Surveillance photos have been released by state police as they continue to search for a man who robbed an Oxford gas station this week. State Police responded to the Sunoco on Oxford Road around 10:30pm Tuesday on a report that an armed man entered, demanded cash and fled on foot with an undisclosed sum of money.
The suspect was described by the employees as 5'10', with a medium build. The suspect wore a black coat over a dark grey hooded sweatshirt and a dark-colored mask or scarf over his face.
Anyone with information about this incident is being asked to call State Police Troop A at 203-267-2200 ext. 4323. All calls will be kept confidential.
A local lawmaker is speaking out in a proposed drop in the indigent burial benefit to $1,000.
Governor Dannel Malloy's proposed budget calls for a $400 cut in the indigent burial benefit, which was reduced by that amount last year as well. Connecticut first offered a stipend, known as the indigent burial benefit, in 1984. 30 years ago it was $1,200. The benefit increased to $1,800 in 2006.
During a hearing before the legislature's Appropriations Committee yesterday, Bridgewater state Senator Rob Kane said the state can't claim to be there for the very vulnerable and then turn around and cut this benefit. He says funeral homes in urban centers will have to pick up the difference.
The state Department of Social Services says Connecticut spent about $4.5 million in fiscal year 2014 for about 2,500 funerals and burials. DDS says cutting the maximum benefit would bring Connecticut more in line with surrounding states.
$499,960.75 is headed to New Fairfield for pedestrian walkways. The funding will serve to complete the final phase of the streetscape improvements projects by continuing to extend the decorative walks, plantings, street lighting and improved connections to the retail and business centers of downtown New Fairfield. The local community will benefit from this project with increased safe pedestrian access between the Town Hall Center, retail shopping centers, office buildings and green spaces downtown.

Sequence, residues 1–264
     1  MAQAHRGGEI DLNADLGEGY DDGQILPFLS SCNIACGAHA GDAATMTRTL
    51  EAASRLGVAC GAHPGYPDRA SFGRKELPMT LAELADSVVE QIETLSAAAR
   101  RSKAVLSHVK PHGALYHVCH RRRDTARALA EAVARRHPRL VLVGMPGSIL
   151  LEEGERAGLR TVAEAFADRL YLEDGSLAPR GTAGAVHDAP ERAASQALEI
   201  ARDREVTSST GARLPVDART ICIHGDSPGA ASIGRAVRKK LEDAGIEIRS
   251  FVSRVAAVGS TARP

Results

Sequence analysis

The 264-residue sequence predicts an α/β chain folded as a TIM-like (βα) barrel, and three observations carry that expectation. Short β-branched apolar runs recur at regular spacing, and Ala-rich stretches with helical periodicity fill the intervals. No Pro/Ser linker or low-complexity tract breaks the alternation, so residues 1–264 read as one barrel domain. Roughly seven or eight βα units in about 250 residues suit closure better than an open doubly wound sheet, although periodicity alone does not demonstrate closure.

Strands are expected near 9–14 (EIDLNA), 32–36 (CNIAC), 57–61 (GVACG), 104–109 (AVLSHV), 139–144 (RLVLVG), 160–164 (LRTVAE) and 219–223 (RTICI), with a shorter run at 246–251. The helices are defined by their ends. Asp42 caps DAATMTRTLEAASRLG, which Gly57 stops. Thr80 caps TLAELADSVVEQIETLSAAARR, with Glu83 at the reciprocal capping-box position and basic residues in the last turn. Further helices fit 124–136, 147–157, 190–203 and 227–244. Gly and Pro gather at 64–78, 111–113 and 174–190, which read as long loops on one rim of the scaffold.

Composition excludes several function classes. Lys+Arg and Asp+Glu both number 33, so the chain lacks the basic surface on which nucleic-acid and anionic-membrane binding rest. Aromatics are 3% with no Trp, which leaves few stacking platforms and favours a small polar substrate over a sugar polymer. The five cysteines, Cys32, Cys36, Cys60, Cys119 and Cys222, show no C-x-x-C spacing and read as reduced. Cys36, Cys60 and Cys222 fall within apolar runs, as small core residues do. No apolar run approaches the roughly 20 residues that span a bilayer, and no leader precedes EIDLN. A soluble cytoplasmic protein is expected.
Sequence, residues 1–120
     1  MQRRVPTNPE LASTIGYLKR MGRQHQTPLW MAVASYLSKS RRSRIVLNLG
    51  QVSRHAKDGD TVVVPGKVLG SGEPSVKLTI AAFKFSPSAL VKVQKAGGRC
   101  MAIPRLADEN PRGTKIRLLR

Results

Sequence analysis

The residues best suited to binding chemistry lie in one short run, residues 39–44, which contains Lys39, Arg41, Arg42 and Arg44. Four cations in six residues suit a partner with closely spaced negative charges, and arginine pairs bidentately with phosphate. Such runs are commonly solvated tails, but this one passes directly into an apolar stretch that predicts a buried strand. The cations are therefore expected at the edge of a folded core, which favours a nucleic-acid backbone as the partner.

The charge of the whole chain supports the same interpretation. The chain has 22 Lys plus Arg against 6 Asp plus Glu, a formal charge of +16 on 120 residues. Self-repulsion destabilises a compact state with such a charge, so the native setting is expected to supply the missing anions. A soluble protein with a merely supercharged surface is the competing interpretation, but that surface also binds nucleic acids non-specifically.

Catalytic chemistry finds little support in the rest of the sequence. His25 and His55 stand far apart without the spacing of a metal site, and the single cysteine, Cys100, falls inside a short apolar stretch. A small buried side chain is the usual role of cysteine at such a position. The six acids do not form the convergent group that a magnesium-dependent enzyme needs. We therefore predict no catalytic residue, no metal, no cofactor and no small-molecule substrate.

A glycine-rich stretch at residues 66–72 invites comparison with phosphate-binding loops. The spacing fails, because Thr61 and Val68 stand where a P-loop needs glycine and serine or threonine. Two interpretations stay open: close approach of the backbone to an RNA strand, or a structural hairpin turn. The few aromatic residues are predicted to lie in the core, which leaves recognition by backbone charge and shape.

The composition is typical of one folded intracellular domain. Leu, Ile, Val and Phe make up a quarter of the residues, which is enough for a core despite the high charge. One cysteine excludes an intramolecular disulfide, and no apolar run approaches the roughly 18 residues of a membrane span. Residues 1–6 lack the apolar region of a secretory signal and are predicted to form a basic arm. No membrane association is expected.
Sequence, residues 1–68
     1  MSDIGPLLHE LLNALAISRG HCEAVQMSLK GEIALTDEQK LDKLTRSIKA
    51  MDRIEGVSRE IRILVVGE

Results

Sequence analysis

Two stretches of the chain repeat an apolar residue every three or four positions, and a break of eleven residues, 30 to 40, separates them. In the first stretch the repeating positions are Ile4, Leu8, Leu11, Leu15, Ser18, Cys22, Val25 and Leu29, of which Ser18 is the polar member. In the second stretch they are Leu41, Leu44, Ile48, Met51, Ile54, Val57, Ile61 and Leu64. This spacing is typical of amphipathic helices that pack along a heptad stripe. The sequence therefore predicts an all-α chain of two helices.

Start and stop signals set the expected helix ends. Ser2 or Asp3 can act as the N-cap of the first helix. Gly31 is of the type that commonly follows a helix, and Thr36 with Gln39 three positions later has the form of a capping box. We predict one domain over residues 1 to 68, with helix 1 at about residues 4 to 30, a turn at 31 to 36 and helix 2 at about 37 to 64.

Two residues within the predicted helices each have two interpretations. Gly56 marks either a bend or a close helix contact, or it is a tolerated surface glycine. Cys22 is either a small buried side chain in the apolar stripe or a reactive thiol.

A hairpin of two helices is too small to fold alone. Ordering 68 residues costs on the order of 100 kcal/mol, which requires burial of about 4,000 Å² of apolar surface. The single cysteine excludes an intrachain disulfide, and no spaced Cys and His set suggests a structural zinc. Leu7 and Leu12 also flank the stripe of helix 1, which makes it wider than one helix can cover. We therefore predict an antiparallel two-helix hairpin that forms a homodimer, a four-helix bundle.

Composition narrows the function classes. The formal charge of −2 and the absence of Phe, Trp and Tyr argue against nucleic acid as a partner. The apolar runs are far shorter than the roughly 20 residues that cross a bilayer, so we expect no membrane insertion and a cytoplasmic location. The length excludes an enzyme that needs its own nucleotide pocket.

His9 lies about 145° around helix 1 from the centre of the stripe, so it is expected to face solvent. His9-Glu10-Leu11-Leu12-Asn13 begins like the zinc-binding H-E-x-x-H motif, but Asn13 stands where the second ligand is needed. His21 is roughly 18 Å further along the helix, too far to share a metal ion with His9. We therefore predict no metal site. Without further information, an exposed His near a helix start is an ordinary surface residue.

State Senator Mike McLachlan says they want to do all they can to make downtown New Fairfield a walkable, welcoming, and accessible place. He says these funds will help this key area to become more inviting to residents, visitors, and to all who conduct business in New Fairfield.
Representative Jan Giegler says New Fairfield will continue investing in the character and infrastructure of the downtown area. She says making it easier for people to enjoy the area is good for both businesses and the community.
Representative Richard Smith says providing a safe way for residents and visitors to enjoy the downtown area will help local businesses prosper. He added that a growing local economy creates stability and makes our community stronger.
Newtown is receiving $500,000 for the Fairfield Hills Streetscape project. The funds will be used for the design and construction of infrastructure and streetscape elements at the main entrance to the Fairfield Hills Campus entrance and down the streets of campus. Newtown is focusing on the revitalization of the property in an effort to increase its economic vitality. The infrastructure and streetscape improvements will support the reuse of this area and will be consistent with the integrated campus design.
Newtown has already invested over $20 million in the remediation of Fairfield Hills, a former state hospital. Past revitalization efforts on the property include environmental cleanup, renovations, reuse or demolition of buildings, upgrades to infrastructure, installation of playing fields and hiking trails, preservation of agriculture, open space conservation, and limited commercial redevelopment.
Representative Mitch Bolinsky says First Selectman Pat Llodra, Grant Coordinator Christal Preszler and Newtown's State Delegation have been working on this grant since 2014. He says this grant will help Newtown make the Fairfield Hills entryway a bit more welcoming for residents, visitors, as well as prospective developers and tenants as efforts continue to revitalize the property.